About this Research Topic
In recent years, digital technology has demonstrated a significant potential for delivering public health and health interventions remotely in low and middle-income countries. In particular novel technology, such as serious mobile games (games that have a “serious” aim, such as improving knowledge or changing behavior in addition to entertainment) has promising evidence to support efficacy in those settings. These interventions span across maternal and neonatal health, mental health, communicable and non-communicable diseases, clinical decision support tools, surveillance and public health communication.
However, there are a number of challenges to address for effective development, design and implementation, such as the role of equity and sustainability in shaping the boundaries of citizen health participation and practice in LMIC regions. For example, citizen science or crowd-sourced approaches are often digitally-based and thus can exclude groups who may not have access to the technology. There is a need for considering a range of participatory and narrative methods within this context, for example, that can account for lived experience and local traditional knowledge, and other means of empowerment. Innovations in participation, combined with novel digital technologies, e.g. in the use of serious games, may provide opportunities for diverse communities to more effectively overcome barriers in the adoption and delivery of public health interventions.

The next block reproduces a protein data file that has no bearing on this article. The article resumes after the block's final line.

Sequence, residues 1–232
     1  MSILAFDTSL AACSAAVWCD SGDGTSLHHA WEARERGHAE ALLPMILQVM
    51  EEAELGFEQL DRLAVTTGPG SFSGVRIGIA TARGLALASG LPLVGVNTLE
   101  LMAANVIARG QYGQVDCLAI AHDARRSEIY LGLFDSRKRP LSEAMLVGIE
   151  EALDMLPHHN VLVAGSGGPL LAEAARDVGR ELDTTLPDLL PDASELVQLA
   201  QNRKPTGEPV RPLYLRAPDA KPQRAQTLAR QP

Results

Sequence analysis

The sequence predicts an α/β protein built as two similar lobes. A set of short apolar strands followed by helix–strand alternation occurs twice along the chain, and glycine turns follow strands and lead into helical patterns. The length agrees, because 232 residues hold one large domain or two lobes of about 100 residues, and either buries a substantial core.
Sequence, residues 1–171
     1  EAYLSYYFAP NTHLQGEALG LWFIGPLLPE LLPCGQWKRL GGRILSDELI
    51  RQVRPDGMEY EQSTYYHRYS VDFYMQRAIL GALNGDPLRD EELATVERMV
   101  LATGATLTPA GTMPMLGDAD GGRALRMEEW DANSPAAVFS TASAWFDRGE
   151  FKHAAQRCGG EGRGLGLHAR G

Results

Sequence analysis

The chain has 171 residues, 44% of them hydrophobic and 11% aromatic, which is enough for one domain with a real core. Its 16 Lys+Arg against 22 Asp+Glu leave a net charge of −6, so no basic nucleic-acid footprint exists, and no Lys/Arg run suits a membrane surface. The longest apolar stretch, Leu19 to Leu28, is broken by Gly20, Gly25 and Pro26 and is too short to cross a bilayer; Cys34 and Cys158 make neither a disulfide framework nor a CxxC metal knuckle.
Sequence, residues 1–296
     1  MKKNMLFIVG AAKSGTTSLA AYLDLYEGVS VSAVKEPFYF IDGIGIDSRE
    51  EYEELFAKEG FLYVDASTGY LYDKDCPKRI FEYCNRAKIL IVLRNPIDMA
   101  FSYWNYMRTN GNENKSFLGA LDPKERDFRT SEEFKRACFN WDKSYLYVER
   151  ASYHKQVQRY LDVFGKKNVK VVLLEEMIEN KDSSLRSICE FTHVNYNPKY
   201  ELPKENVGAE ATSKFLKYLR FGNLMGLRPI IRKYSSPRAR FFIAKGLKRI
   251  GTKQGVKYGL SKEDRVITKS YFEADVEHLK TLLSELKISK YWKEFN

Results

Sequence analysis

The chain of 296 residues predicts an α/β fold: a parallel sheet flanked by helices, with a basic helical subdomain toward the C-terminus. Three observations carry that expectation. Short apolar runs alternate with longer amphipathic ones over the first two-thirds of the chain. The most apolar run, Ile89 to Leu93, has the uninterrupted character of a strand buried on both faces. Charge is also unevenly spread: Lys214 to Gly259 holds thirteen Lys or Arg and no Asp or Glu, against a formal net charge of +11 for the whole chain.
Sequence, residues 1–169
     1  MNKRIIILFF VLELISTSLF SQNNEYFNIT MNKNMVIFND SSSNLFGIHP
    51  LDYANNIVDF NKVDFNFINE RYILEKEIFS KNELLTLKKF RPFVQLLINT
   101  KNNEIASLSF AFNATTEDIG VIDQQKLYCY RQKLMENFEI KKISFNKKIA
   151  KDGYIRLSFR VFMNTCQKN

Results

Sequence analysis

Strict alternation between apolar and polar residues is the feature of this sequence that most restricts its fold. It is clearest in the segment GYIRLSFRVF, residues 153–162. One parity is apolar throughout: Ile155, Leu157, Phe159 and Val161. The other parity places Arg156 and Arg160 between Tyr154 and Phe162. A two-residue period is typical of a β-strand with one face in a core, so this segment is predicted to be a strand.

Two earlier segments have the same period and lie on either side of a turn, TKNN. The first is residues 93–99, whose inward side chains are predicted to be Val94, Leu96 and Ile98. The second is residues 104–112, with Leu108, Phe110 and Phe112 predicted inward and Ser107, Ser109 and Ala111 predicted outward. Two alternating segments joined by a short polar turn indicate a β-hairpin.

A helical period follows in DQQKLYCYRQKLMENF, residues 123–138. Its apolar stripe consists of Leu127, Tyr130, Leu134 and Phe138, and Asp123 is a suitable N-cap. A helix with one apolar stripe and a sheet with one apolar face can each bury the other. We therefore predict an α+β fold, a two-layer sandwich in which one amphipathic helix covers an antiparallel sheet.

In this Research Topic, we welcome research articles that explore the following sub-themes:
1. Novel technology of digital clinical or public health interventions and serious mobile games to enable public health and clinical outcomes;
2. Digital technologies that can provide low cost innovations for low and middle income settings.
Keywords: digital interventions, serious mobile games, citizen health participation, LMICs, digital technologies health
Important Note: All contributions to this Research Topic must be within the scope of the section and journal to which they are submitted, as defined in their mission statements. Frontiers reserves the right to guide an out-of-scope manuscript to a more suitable section or journal at any stage of peer review.